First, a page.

Skunk Girl | Sheba Karim
Nina attempts to fit in at her small-town New York high school while respecting her parents’ wishes for her to remain a “good Pakistani-Muslim girl.”
• “Rife with smart, self-deprecating humor.” Kirkus Reviews, March 1, 2009
• “A rare exploration of Muslim culture … will be a welcome addition to teen collections.” Booklist review, April 15, 2009
Bleaching her mustache and missing out on all the best parties are part of what Nina’s come to expect as a Pakistani-American teen with the strictest parents in town. At the start of her junior year in high school, she’s still living in the shadow of her genius older sister and still trying to figure out how to keep up socially in spite of her family’s fear that she’s becoming too “Um-ree-can-ized.”
Then the unexpected happens: Nina meets an attractive Italian exchange student named Asher—and Asher catches a glimpse of the dark line of hair running down the middle of her back. More humiliated than ever, Nina is certain that Asher will prefer button-nosed blond Serena over her scholarly, hirsute self.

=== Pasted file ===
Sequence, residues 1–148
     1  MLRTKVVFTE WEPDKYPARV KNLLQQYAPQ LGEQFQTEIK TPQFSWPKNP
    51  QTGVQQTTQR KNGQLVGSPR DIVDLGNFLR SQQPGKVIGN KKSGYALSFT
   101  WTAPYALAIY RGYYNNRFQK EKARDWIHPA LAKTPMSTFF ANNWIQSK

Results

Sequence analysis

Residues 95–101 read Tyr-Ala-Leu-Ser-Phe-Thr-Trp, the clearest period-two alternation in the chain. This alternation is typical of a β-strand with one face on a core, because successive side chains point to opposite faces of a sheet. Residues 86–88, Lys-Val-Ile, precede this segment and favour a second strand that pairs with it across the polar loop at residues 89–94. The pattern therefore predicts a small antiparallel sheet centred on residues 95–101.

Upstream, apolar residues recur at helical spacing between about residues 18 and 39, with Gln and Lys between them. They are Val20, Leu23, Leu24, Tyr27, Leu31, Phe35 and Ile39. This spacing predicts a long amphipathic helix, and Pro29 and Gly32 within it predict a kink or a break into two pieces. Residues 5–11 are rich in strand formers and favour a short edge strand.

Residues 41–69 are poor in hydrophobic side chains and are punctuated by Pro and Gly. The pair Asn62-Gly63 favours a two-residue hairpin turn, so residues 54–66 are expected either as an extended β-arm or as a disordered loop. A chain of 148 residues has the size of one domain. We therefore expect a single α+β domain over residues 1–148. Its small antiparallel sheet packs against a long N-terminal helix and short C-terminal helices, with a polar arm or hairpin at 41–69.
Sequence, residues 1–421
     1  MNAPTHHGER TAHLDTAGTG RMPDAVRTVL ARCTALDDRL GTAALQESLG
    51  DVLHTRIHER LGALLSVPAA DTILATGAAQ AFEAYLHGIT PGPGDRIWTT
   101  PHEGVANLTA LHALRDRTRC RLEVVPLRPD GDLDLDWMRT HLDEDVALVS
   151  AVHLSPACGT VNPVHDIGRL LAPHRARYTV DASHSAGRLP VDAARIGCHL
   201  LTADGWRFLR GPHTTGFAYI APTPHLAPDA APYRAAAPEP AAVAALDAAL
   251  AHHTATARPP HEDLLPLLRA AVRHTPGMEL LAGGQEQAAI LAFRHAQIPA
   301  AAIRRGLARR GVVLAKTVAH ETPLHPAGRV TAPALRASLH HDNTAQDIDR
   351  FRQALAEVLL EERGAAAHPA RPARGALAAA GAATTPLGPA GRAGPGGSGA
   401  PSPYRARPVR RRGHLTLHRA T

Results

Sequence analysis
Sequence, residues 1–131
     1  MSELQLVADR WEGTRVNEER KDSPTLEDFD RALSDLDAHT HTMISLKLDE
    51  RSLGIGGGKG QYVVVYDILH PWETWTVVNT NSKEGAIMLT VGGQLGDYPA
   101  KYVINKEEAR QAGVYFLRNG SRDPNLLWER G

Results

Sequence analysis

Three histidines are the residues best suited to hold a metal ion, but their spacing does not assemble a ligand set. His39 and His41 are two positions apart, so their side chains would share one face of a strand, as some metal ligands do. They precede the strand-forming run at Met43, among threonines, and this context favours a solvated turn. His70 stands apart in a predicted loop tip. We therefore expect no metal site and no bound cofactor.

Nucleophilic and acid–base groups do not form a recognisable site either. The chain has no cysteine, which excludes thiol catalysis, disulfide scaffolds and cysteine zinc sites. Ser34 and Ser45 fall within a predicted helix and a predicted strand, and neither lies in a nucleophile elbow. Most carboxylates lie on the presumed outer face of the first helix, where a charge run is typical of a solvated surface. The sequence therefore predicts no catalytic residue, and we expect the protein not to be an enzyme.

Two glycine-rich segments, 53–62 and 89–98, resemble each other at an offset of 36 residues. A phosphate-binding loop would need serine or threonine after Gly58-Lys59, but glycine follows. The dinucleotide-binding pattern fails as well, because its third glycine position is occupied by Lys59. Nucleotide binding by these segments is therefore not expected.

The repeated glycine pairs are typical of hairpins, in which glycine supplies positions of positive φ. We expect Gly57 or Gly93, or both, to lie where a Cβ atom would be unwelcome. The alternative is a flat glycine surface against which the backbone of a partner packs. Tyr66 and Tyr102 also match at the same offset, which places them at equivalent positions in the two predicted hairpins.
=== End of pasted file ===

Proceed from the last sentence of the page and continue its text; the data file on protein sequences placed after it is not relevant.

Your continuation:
Teens of all backgrounds will be able to relate to Nina’s struggle in reconciling her own identity with her family’s culture. While the girl-crushing-on-boy story may be familiar, the funny and touching Skunk Girl is truly a novel of a different stripe.
Karim, Sheba. Skunk Girl. New York: Farrar Straus Giroux, 2009.
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